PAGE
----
ROI on Your Time and Money
What’s your return on investment?
A lot of times people only think of this in terms of money they invest, but even more important is what your return for the time you’re investing in an activity.
Are you tracking everything in your business…both money and time spent?
If you’re not, you’ll never find the profit leaks which are occurring a daily basis. What caused me to think and write about this subject was when I spent time in my shopping cart running sales reports. I was looking at the sales numbers by product over the past year.
The numbers didn’t surprise me. What I found was that while every product has been profitable, some simply weren’t worth the time invested.
Once I looked at the profits of each product and compared it to time I spent creating the product originally (I had to look back at some of my old daily calendars to estimate this at times), the ones with the absolute best profit to time ratio fit into several categories.
1. The “group” type products have resulted in the best return on time investment.
The #1 reason these have been a great ROI is they were created in no more than 3 days time total (and that’s including flying to and from where I recorded them). The sales copy took longer than this, but that is true no matter what the product.
2. Continuity programs have resulted in a good return also.
While I have to spend time on my own personal newsletter every month, the SALES COPY part is only done once (and then tested and updated) instead of having to constantly produce new sales pieces. Once you count in my profits from promoting OTHER people’s continuity programs, the ROI gets even better (since I’m not DOING their product). Plus with continuity you have to factor in the additional purchasers make because of the long-term relationship with you.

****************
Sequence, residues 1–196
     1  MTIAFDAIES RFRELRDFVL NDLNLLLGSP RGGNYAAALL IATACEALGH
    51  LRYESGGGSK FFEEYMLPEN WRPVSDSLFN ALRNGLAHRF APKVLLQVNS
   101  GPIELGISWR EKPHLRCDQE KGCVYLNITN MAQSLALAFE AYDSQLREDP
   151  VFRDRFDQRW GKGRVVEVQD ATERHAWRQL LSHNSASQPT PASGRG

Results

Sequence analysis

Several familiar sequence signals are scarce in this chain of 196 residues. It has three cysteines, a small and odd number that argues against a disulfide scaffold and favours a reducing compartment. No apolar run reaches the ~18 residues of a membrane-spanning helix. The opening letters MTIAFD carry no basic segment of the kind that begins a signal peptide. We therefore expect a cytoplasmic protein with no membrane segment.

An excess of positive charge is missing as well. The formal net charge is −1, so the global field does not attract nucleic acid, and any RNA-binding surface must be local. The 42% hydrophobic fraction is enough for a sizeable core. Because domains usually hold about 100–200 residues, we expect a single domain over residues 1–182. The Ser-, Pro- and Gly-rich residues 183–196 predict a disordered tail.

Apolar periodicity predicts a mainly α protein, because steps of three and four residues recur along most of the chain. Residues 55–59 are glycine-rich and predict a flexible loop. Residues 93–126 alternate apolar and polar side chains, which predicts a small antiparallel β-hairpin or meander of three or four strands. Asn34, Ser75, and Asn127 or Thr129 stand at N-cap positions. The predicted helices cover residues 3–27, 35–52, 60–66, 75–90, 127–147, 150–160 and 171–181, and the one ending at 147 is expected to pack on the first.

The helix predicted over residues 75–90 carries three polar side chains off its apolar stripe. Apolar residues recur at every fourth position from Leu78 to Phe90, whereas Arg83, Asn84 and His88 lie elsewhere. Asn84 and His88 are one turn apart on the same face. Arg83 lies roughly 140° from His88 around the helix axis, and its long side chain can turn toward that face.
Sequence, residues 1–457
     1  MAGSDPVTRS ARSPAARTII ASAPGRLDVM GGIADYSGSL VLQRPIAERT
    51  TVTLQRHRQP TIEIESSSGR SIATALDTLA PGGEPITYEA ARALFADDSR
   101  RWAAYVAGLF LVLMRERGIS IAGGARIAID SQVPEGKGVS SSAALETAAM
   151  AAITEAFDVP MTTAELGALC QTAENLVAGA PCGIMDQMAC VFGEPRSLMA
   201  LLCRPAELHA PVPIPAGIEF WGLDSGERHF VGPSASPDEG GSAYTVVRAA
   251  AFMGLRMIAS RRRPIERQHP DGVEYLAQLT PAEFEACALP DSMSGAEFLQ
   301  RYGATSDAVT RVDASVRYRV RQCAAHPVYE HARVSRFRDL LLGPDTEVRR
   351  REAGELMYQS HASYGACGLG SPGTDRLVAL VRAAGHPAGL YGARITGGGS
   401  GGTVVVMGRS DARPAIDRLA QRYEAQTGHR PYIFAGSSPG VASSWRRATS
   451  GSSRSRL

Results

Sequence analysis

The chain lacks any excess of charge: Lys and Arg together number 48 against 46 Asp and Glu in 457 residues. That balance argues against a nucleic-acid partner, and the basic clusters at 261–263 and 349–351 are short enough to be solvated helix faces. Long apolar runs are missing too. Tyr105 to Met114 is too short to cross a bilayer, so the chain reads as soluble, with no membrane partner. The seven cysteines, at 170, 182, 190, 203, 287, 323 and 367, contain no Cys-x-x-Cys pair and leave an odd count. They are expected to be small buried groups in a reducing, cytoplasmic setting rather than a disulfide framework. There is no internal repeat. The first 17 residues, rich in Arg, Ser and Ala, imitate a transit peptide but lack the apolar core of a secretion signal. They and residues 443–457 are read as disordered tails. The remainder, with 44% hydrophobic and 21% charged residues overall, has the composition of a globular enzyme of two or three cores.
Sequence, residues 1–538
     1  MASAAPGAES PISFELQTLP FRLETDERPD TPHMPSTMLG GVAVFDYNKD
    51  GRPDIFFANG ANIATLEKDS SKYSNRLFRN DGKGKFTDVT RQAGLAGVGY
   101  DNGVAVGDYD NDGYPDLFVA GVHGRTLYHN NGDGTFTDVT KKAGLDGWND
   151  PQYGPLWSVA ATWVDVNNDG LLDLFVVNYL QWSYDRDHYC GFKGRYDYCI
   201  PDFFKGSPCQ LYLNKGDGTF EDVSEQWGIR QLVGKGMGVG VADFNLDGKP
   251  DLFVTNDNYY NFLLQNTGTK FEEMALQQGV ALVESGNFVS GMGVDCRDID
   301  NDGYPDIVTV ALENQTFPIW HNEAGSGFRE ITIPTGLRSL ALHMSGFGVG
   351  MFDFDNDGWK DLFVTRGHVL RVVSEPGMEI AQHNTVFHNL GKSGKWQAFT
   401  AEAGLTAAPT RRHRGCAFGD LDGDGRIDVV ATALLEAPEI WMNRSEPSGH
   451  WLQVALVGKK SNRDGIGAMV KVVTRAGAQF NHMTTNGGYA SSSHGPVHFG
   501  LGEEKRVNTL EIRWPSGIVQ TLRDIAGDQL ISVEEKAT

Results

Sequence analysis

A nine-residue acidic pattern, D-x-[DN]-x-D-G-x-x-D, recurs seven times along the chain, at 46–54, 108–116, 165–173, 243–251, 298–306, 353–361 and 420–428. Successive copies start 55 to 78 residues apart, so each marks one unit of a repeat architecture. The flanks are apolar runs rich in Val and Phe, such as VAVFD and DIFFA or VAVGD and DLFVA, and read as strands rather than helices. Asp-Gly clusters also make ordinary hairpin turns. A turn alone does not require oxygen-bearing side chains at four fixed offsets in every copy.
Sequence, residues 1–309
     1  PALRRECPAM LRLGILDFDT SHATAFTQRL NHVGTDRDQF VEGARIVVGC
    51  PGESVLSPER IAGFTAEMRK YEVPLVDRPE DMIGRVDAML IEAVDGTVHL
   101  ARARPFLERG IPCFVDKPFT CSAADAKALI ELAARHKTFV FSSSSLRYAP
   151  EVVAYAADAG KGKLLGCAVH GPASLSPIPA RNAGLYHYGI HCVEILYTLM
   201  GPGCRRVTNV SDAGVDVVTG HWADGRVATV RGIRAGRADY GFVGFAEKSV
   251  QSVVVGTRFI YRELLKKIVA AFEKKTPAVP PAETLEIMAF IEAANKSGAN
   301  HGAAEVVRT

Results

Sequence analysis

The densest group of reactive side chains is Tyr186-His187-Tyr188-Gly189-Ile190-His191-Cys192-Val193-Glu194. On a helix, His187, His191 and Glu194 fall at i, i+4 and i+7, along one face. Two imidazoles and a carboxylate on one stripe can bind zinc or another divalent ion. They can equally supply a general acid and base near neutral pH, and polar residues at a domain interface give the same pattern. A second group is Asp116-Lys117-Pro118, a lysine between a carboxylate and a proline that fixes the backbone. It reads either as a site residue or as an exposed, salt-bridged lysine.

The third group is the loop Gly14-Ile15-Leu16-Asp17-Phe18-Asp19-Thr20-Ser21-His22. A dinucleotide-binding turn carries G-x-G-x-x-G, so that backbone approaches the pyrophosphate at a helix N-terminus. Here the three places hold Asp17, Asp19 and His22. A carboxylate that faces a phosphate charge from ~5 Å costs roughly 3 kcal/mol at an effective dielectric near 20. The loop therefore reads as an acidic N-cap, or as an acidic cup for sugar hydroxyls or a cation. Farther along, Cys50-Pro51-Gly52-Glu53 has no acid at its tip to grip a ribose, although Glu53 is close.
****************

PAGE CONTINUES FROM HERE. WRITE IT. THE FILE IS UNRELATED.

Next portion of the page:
3. Set it and forget it products have done well.
One of the best examples of this is a Christian product I sell at http://www.NewChristianFinance.com. It is NOT a big seller, but Clickbank sends over a decent check every pay period…and I haven’t touched it in more than a year now. Zero…zilch…nada. Most of the sales are from affiliates who find it on Clickbank. Not a big winner, but I’ll bet you can understand why I’m putting more of these types of mini-projects together. The key here is to do projects that DON’T require regular updates. Adding in time to update the product would reduce the ROI.
How Does This Apply To You?
The above were simply from looking at my sales numbers by product. You have to always remember everything has an opportunity cost. If you spend 20 hours on this project, then that’s 20 less hours you could have spent on something more profitable long term.
You can also look at the time you’re investing in each business activity.
How much time do you spend on forums? How many sales has that resulted in for you?
What about your social media activities? Maybe you’re not after direct sales there. So how many JVs have you put together (and resulting profits) from the time spent?
Writing your blog? How is the investment coming along (this one takes some time till the investment is returned so look it long term like over a year invested).
When you take a serious look at the real numbers, you may be surprised. You may also find you need to reinvest your time in a different direction. If one area is producing much better for the time invested than other areas, expand it. Reduce the losers. And what works best for one person MAY NOT be what works best for you in your niche. That’s the big roadblock many people run into.
This is why you must look at your test results and your time investments…not everyone else’s.Related Entries:
- Independence Day
- Is a Business Coach Right for You?
- Continuity is King
- Forced Continuity
- Who Cares How Much You Gross?